The page’s profile picture is a cat.

Here’s the photo montage that includes a well-known photo of baby Hitler.

Facebook

Here’s the drawing that resembles Trump:

Witnesses said the car ramming appeared to be intentional, and some, including Republican Senator Ted Cruz, are calling for a domestic terrorism prosecution. The FBI has opened a civil rights investigation, and Fields is in custody on murder and other charges. A 32-year-old woman, Heather Heyer, died in the car ramming attack and 19 people were injured, CNN reported. President Trump condemned the attack and violence on “many sides,” which has led to widespread condemnation over his failure to call out white nationalists by name or to label the car ramming attack domestic terrorism. The white nationalist rally, which led to other clashes at the scene, was held in Charlottesville because white supremacists are angry about the planned removal of a Robert E. Lee statue in the city.

GettyRescue workers and medics tend to many people who were injured when a car plowed through a crowd of anti-facist counter-demonstrators marching through the downtown shopping district August 12, 2017 in Charlottesville, Virginia. The car plowed through the crowed following the shutdown of the “Unite the Right” rally by police after white nationalists, neo-Nazis and members of the “alt-right” and counter-protesters clashed near Lee Park, where a statue of Confederate General Robert E. Lee is slated to be removed.

Fields is being held “on suspicion of second-degree murder, malicious wounding and failure to stop in an accident that resulted in death,” according to CNN. Toledo Blade reported that Fields’ mother, Samantha Bloom, said she received a text from him that he was going to an “alt-right rally in Virginia.”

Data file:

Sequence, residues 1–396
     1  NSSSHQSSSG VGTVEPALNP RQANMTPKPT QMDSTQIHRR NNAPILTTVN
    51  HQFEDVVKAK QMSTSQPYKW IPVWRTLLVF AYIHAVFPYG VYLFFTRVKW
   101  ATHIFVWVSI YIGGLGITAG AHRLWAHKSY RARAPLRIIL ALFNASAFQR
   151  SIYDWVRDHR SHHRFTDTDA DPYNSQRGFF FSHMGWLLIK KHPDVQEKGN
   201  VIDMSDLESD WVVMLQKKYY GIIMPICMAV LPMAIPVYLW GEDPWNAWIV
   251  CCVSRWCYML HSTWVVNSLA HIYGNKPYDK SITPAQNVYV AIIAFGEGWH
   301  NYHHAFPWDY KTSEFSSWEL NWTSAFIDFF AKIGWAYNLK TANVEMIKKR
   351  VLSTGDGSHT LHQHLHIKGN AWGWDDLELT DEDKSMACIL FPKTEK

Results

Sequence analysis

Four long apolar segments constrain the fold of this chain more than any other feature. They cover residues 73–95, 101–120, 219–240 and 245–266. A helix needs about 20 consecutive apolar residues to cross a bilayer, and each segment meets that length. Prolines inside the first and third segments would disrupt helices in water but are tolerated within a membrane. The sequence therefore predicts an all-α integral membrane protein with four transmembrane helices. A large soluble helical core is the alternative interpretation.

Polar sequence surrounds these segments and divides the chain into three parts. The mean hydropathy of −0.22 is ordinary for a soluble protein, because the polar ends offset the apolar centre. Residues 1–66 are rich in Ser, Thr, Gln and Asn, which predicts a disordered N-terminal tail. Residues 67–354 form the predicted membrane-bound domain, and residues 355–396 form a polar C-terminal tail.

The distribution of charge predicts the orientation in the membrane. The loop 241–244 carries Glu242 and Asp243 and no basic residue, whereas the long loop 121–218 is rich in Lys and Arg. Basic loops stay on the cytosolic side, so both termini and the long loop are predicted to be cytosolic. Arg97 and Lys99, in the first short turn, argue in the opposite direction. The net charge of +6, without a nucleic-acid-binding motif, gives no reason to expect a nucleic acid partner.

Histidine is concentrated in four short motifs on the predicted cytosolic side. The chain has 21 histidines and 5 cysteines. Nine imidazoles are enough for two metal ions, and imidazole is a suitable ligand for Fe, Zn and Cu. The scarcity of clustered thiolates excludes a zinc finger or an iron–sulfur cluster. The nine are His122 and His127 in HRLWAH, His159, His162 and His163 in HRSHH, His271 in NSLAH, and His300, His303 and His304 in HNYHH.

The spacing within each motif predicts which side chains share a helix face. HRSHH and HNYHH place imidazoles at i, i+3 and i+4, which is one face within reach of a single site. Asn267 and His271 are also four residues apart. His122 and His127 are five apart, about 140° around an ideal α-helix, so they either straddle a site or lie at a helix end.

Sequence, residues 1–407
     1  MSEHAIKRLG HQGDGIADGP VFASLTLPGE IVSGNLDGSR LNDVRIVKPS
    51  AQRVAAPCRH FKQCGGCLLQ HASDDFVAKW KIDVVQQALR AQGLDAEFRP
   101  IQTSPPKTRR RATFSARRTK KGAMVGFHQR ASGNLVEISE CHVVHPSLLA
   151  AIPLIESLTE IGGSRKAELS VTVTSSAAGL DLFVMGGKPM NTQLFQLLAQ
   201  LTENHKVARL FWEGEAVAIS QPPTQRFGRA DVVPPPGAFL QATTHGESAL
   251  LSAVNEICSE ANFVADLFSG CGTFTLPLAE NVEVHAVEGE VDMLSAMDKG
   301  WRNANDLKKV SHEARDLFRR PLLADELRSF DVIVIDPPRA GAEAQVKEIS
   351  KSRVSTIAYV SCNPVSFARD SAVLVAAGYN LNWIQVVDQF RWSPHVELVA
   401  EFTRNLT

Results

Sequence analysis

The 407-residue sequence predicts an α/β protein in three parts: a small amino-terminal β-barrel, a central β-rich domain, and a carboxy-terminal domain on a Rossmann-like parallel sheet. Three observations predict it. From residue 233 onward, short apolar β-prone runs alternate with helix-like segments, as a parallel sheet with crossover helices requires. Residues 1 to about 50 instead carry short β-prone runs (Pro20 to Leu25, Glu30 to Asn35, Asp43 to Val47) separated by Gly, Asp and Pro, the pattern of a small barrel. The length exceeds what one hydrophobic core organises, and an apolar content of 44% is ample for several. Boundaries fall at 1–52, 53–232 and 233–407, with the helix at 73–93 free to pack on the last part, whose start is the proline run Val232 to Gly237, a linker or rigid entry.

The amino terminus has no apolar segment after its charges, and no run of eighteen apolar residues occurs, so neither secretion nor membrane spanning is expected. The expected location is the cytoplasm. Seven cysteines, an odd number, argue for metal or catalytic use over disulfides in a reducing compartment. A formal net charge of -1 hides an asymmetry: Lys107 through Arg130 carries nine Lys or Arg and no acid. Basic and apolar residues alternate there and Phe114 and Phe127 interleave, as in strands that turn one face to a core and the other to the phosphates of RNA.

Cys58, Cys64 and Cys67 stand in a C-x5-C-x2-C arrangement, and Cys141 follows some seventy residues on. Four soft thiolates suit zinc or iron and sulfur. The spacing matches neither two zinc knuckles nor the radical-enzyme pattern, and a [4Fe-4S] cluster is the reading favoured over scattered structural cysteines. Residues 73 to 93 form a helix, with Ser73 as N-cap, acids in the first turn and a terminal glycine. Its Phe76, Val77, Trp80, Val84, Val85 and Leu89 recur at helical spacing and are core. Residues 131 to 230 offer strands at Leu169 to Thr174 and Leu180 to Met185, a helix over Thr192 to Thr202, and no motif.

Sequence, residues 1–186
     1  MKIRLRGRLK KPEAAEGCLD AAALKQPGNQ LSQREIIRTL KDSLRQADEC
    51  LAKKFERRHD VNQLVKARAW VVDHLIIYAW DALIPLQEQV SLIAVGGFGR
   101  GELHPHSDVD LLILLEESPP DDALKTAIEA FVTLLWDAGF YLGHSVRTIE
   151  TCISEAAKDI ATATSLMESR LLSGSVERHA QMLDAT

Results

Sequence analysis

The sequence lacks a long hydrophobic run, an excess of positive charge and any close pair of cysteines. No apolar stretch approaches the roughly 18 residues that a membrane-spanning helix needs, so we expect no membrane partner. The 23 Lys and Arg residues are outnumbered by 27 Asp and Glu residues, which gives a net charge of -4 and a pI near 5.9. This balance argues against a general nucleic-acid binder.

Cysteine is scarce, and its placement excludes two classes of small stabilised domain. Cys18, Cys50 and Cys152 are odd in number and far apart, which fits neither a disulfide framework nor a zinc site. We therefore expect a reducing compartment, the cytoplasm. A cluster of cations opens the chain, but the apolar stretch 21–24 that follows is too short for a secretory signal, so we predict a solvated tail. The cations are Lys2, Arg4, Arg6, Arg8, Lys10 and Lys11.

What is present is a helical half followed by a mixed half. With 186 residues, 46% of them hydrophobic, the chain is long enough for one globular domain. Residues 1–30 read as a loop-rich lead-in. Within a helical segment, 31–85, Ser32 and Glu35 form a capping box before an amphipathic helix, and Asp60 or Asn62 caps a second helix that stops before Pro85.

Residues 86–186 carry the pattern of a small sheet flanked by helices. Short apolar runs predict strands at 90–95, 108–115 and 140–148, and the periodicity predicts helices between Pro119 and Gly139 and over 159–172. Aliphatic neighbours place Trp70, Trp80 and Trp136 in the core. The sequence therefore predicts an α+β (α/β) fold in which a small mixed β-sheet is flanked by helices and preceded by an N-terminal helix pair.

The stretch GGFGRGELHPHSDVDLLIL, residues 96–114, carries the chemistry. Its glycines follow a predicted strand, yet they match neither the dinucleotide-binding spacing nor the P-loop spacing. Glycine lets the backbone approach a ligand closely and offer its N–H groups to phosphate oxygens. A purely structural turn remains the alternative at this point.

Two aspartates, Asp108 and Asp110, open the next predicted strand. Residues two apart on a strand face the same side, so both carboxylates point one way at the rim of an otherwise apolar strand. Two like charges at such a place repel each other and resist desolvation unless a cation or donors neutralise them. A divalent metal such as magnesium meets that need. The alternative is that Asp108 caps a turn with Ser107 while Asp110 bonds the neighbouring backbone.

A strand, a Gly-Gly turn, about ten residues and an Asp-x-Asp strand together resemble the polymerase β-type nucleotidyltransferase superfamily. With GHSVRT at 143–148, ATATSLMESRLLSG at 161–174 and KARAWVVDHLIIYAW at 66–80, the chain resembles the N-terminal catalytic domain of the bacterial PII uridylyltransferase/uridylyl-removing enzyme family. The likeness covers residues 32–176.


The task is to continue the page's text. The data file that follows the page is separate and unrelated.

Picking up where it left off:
She told The Blade: “I thought it had something to do with [President] Trump. I try to stay out of his political views. I don’t get too involved.”

Heavy has reached out to multiple tagged friends on the page as well as relatives of Fields in an attempt to definitively confirm whether the page was his.

Buzzfeed reported that the page was “apparently” Fields’, and The Daily News reported that it was his page without explaining the verification process to get there. However, many other media outlets have not yet reported on the page. Buzzfeed reported, “On a Facebook page that appears to belong to Fields, photos included memes embraced by the alt right and some supporters of President Donald Trump, including Pepe the Frog and a portrait of a crowned Trump sitting on a throne.” Those images appear on the archived screenshots.

According to Buzzfeed, “The angular symbol in one image was identified by the Southern Poverty Law Center as the Othala rune, a Norse symbol that was co-opted by the Nazis to promote their ideas of racial ‘purity.’ Another image shows a character from the animated series Archer, who is raised by a Nazi scientist and suggested to be a clone of Hitler.”

Daily News posted similar images.